A little over a week ago, actually.
And though we'd been waiting, watching for signs, jumping at clues, suggesting activities to move the baby along, she was not running late. Born only a day after her due date, she was right on time.
She showed up - after mom and dad rushed to the hospital with me in the back, I parked the car, decisions were made and birth plans were adjusted, sleep was had and then the work of labor was done - exactly on time.
I was there, but one step removed. Remote.
After all, I'm not mom, or dad, or baby. I am grandma.
The role is assistive, available, a little bit removed and remote.
This birth is - for me - granddaughter number three. So it should be old hat by now.
But - ah, you see - it is baby number one for my second oldest son. Also, for his wonderful wife. So it is new, again.
Being with my oldest son during his wife's labor meant being with my oldest son.
Being with my second oldest son meant being with him.
They are different men. Our relationships are different. Their wives are different.
But - oh, my! - it was wonderful again!
I am indeed grateful and humbled by the invitations to attend.
My second oldest son is protective. Hyper aware of my presence and my habit of saying something cheesy or lovey or unfiltered, he was initially tense.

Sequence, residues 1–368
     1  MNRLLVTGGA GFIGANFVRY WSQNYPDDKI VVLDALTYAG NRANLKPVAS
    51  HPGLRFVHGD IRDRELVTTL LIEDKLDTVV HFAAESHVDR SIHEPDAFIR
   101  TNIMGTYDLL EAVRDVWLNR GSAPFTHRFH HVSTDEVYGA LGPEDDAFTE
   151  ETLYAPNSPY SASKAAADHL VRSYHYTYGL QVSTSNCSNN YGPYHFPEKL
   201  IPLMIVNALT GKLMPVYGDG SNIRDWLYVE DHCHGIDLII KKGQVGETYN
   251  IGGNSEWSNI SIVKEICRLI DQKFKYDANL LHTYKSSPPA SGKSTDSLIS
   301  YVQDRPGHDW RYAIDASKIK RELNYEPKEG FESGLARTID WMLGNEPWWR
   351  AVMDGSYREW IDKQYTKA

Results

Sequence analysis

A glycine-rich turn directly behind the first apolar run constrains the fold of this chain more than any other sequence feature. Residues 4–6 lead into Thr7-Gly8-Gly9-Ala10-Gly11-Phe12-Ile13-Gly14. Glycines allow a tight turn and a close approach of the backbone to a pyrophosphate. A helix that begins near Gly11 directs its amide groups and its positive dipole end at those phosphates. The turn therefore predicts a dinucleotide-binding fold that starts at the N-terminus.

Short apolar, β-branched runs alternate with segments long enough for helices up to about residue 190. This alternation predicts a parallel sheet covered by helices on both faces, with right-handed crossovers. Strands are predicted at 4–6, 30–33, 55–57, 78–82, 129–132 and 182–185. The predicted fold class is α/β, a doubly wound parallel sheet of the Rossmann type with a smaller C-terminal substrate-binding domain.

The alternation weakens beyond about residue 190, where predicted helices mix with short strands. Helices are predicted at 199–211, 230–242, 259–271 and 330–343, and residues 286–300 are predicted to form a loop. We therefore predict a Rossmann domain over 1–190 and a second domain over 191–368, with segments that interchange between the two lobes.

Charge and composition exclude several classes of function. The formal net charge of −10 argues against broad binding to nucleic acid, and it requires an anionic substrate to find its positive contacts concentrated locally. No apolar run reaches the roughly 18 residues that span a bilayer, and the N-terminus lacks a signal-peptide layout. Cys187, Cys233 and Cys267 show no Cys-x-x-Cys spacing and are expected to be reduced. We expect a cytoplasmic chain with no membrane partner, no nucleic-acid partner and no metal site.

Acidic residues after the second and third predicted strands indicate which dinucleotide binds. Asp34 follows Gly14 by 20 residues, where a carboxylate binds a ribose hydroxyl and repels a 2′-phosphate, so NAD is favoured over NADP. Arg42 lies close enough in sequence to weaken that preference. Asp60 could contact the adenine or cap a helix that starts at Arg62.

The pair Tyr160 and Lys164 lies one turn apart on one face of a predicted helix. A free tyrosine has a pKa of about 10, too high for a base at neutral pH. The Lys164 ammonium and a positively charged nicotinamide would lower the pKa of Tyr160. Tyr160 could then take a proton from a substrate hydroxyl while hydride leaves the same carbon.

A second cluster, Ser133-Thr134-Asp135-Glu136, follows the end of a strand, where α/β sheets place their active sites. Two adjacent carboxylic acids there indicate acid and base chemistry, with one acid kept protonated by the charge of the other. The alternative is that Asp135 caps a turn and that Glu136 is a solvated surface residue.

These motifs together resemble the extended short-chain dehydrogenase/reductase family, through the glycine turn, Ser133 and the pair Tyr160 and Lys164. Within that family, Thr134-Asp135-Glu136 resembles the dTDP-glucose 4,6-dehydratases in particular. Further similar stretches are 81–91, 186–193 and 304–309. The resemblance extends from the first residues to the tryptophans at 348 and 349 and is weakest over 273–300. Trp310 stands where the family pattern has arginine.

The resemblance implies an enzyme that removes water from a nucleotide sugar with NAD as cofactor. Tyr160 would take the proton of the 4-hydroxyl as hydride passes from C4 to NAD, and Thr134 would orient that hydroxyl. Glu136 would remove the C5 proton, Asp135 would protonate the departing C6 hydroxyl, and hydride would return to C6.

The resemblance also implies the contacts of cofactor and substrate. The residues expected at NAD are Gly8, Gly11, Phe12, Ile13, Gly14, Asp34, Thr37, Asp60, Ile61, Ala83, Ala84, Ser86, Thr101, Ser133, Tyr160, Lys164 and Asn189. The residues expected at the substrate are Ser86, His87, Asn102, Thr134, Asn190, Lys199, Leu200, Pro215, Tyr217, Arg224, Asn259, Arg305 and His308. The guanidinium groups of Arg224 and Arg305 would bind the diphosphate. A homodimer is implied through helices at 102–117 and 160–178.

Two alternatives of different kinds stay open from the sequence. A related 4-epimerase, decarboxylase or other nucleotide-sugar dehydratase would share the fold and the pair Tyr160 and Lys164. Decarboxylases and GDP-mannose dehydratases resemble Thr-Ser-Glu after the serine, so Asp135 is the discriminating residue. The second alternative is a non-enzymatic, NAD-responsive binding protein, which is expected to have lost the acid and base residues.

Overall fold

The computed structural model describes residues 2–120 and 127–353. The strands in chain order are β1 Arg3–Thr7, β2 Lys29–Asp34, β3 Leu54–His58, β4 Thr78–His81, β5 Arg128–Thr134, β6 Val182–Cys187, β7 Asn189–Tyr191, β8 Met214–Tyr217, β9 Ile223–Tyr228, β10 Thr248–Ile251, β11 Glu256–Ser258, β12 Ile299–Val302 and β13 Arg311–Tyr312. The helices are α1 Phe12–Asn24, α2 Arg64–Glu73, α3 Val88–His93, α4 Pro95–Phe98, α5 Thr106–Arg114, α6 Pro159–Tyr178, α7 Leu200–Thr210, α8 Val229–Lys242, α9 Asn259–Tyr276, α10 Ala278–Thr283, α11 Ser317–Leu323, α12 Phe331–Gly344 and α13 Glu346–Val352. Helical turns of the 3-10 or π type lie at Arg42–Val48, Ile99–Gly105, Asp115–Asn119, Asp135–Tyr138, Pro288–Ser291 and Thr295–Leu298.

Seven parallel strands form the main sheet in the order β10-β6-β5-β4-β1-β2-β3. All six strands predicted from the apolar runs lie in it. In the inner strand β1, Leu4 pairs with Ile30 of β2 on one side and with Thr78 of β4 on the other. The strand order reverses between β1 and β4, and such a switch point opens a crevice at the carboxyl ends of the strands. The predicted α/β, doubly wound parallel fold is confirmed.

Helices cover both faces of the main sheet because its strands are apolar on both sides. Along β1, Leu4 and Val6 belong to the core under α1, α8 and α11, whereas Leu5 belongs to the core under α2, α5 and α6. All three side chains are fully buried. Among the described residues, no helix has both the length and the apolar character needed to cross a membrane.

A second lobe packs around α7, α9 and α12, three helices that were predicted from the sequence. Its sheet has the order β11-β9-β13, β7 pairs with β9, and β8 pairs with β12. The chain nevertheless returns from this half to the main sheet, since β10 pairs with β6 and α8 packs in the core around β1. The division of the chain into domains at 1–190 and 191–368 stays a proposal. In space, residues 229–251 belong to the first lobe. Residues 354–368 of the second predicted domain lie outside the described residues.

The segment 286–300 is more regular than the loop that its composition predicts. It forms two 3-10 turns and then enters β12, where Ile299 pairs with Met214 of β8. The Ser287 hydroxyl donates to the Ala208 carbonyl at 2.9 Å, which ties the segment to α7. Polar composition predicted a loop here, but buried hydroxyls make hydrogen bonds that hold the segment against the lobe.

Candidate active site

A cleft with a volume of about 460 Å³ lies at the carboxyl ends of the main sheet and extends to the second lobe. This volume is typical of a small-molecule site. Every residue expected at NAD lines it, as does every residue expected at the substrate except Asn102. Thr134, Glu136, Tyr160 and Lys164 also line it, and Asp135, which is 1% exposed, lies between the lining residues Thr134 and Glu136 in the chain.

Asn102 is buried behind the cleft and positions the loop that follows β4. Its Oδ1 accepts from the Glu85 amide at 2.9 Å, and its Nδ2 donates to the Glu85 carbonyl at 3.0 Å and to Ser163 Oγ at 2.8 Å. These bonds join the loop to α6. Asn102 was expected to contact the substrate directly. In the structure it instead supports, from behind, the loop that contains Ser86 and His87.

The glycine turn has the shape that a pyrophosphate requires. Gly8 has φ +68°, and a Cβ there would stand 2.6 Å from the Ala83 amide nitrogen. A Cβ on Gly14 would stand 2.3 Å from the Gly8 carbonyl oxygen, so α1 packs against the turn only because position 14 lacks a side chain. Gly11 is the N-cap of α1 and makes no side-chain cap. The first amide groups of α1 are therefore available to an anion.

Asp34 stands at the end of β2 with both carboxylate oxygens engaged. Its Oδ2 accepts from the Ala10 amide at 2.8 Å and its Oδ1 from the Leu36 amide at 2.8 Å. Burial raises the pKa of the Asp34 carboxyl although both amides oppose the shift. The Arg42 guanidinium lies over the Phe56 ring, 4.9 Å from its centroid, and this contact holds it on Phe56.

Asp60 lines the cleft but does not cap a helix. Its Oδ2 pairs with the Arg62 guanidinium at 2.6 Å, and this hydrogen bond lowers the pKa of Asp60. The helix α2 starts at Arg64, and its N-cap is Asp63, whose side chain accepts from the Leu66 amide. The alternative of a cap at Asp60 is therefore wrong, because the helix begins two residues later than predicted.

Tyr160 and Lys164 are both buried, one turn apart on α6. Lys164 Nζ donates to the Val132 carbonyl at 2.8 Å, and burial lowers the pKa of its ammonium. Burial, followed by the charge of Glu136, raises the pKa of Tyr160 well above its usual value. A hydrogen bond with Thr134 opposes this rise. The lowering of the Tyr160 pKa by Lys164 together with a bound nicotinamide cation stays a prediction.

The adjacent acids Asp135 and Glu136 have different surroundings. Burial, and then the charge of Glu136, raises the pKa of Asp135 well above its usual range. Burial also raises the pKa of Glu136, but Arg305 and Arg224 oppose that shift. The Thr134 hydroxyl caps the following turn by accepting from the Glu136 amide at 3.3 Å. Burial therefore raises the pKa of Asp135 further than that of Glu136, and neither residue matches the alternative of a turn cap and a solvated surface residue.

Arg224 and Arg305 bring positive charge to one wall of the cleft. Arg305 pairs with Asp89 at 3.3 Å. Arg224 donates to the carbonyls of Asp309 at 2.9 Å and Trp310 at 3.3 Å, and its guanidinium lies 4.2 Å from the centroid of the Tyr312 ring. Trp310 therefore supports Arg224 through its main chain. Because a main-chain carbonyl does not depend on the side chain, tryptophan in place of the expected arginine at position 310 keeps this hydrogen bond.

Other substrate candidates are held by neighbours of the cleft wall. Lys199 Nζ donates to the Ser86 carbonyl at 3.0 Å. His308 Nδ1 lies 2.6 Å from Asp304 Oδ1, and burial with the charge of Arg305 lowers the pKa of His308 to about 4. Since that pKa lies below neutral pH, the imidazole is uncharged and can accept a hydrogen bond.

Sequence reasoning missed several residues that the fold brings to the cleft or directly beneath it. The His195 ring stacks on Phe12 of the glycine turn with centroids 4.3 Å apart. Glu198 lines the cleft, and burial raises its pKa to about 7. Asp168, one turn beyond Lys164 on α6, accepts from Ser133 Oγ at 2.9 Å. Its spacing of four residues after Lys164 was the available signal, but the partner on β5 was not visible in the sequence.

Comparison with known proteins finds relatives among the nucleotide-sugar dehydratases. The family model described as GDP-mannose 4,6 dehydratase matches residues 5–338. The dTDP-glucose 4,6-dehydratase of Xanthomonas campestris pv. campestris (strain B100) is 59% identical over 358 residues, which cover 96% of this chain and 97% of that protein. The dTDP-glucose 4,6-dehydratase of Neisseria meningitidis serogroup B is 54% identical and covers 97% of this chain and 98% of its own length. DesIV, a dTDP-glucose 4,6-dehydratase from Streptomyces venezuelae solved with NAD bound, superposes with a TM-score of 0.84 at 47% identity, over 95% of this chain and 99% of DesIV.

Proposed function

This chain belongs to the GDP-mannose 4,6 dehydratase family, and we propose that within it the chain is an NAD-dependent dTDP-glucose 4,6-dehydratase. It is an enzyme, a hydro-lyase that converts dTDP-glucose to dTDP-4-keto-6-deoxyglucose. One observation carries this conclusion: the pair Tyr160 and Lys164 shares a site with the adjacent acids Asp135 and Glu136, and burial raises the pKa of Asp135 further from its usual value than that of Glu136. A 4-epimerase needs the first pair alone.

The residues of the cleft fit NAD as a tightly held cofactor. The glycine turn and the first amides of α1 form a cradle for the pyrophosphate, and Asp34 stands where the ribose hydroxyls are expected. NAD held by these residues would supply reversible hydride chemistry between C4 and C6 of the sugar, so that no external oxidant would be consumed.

But I promised to remain remote. To be there quietly and kindly, available and loving, while he coached his wife and assisted in the delivery.
I saw him visibly relax. Not entirely, but visibly. He put me away, remote in his mind. He held his wife's hand, he wiped her forehead, he gave her air.
I watched, so very involved in my heart but carefully and correctly removed.
He held his wife's leg and urged her with praise.
A child arrived. His daughter was born. Their daughter was born.
My granddaughter was born.
She cried, she was perfect, they rushed her away for a quick evaluation.
My son looked deeply at his wife, she caressed his cheek, he looked over to where his daughter cried, his wife gave him permission to leave her side and join their daughter.
I watched. Remote, but so very much there.
The doctor and nurses congratulated everyone, while my son beamed. His daughter is perfect, his wife is recovering. He cut what was left of the umbilical cord and they brought the baby to her mom for a feeding.
as I watched,
his wife held their daughter,
my son leaned over his family,
tears streamed down his nose onto his loved ones,
his wife reached one arm to his wet face, leaving the other wrapped around the baby, and wiped him lovingly.
I watched, remote, a small trickle of my own tears were wiped away by me alone.
After an hour of my son holding her, his wife feeding and holding her, the family holding and whispering to each other, it was my turn.
After waiting and wanting and lookng for signs, jumping at clues, suggesting my arms, a child arrived and she was not running late.
She was right on time.
Hugs, smiles, and love!!
Autism Answers with Tsara Shelton (Facebook)